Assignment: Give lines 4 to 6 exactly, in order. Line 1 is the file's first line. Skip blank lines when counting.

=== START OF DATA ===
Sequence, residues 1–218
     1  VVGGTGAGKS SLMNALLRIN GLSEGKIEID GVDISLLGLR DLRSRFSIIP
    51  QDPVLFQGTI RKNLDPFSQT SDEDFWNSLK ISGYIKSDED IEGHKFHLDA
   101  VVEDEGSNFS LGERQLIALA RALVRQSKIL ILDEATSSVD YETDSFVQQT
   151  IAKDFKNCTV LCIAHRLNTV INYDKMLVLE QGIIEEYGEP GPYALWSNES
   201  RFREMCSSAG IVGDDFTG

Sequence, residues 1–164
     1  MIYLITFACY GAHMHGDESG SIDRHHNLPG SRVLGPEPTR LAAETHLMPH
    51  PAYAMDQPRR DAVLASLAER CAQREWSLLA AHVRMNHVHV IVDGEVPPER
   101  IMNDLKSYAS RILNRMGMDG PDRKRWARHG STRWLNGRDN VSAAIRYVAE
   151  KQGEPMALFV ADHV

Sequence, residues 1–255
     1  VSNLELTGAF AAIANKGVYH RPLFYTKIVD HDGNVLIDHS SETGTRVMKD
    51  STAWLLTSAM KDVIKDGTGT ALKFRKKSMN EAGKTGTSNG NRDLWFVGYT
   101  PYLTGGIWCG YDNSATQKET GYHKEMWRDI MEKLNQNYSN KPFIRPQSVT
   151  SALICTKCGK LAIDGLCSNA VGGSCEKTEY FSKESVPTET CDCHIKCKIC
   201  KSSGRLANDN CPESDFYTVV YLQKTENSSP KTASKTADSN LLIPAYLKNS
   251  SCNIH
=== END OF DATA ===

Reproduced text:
   101  VVEDEGSNFS LGERQLIALA RALVRQSKIL ILDEATSSVD YETDSFVQQT
   151  IAKDFKNCTV LCIAHRLNTV INYDKMLVLE QGIIEEYGEP GPYALWSNES
   201  RFREMCSSAG IVGDDFTG